The Narrative Structure of Counterfeit Money 1

The economic cycle of confession and unforgiveness (121)
There is a structure of narrative relation between the friend and the narrator in Counterfeit Money. This is expressed in what the friend recounts to the narrator, “it was the counterfeit coin,” boasting and confessing, what in truth happened. This telling of the truth by the friend produces an effect on the narrator, creating an event on the side of the narrator, the narrator is provoked by his friend’s confession.

Derrida characterises this act of confession as the heart of the economic circle of the narrative, of the friend giving the counterfeit coin, then confessing his actions “without repentance and without mercy.” In doing this he gives himself to view, he gives himself over to judgment. The narrator takes no account of this gift and does not respond to it with forgiveness.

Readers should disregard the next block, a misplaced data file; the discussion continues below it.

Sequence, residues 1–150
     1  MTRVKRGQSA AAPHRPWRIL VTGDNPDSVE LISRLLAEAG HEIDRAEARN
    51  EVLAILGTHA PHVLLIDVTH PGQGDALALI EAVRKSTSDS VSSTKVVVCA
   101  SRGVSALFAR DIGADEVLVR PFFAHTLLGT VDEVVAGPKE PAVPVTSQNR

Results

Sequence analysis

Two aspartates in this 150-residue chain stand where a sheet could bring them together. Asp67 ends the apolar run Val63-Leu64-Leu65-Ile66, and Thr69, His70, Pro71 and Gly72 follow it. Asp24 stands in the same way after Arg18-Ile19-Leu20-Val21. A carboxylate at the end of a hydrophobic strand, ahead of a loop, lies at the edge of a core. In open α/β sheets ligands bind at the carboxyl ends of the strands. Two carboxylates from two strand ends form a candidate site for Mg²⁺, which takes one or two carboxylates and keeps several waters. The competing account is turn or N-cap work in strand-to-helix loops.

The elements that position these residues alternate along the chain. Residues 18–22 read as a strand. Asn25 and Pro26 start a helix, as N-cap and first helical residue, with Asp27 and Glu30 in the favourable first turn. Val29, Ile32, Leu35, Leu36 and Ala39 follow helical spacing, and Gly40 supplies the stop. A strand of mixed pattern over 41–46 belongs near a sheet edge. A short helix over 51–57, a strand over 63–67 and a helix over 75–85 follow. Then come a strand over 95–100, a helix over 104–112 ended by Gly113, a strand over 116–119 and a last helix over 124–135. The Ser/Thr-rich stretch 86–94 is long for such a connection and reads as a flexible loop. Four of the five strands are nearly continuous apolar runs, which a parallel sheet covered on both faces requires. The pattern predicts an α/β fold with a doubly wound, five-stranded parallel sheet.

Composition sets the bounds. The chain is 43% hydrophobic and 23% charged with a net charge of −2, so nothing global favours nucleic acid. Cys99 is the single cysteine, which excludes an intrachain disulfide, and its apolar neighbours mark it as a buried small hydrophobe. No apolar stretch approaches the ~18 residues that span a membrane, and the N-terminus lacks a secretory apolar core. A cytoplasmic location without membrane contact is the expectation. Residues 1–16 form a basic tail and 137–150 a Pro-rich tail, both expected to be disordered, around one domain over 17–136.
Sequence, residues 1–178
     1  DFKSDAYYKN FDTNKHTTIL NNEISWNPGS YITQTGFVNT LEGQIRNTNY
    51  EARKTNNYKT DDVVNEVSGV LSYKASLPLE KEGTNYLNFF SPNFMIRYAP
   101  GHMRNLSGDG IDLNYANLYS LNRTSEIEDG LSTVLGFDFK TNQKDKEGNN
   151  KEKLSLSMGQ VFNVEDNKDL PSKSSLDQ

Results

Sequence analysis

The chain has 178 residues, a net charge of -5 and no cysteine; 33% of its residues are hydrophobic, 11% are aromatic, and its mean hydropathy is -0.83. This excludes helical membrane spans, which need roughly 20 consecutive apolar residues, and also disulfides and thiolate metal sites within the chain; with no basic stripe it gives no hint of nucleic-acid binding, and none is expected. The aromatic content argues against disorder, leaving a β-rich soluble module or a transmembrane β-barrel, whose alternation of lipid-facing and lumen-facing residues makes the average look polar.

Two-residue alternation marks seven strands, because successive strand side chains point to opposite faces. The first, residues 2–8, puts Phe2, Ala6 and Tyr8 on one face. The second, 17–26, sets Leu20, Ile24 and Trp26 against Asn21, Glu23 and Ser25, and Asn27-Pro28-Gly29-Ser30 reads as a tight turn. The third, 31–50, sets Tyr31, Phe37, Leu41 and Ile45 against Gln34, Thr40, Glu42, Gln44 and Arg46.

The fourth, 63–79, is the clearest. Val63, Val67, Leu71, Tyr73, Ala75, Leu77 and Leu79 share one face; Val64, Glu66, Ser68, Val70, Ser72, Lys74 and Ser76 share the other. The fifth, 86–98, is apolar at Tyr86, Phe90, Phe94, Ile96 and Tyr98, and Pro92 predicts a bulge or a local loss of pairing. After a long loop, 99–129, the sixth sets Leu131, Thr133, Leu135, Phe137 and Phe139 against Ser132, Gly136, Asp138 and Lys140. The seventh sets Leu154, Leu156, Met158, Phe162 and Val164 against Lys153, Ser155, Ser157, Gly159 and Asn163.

Derrida now asks “if the friend sought to provoke the narrator, what did he want to push him to do? And how?” Speculating that the relation of the narrative is there in what it withholds from seeing.

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This entry was posted in Art as Gift, Chapter 4 Posts, Confession, Counterfeit Money, Derrida, Event, Gift, Given Time, Narrative, Unforgiveness. Bookmark the permalink.

One Response to The Narrative Structure of Counterfeit Money 1

  1. Pingback: The narrative structure of Counterfeit Money 1 | Derek Hampson

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